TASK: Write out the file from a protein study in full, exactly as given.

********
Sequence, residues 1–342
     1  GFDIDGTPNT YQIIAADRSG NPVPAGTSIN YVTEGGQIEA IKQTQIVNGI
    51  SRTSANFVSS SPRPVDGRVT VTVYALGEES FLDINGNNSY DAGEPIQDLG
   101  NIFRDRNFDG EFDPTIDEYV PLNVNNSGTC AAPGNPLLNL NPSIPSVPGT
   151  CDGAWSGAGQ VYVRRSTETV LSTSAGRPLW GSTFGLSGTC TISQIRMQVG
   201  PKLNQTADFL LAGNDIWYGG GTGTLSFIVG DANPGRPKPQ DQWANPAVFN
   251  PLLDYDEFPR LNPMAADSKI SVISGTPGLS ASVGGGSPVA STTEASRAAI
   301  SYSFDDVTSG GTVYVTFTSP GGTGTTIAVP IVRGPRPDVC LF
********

Sequence, residues 1–342
     1  GFDIDGTPNT YQIIAADRSG NPVPAGTSIN YVTEGGQIEA IKQTQIVNGI
    51  SRTSANFVSS SPRPVDGRVT VTVYALGEES FLDINGNNSY DAGEPIQDLG
   101  NIFRDRNFDG EFDPTIDEYV PLNVNNSGTC AAPGNPLLNL NPSIPSVPGT
   151  CDGAWSGAGQ VYVRRSTETV LSTSAGRPLW GSTFGLSGTC TISQIRMQVG
   201  PKLNQTADFL LAGNDIWYGG GTGTLSFIVG DANPGRPKPQ DQWANPAVFN
   251  PLLDYDEFPR LNPMAADSKI SVISGTPGLS ASVGGGSPVA STTEASRAAI
   301  SYSFDDVTSG GTVYVTFTSP GGTGTTIAVP IVRGPRPDVC LF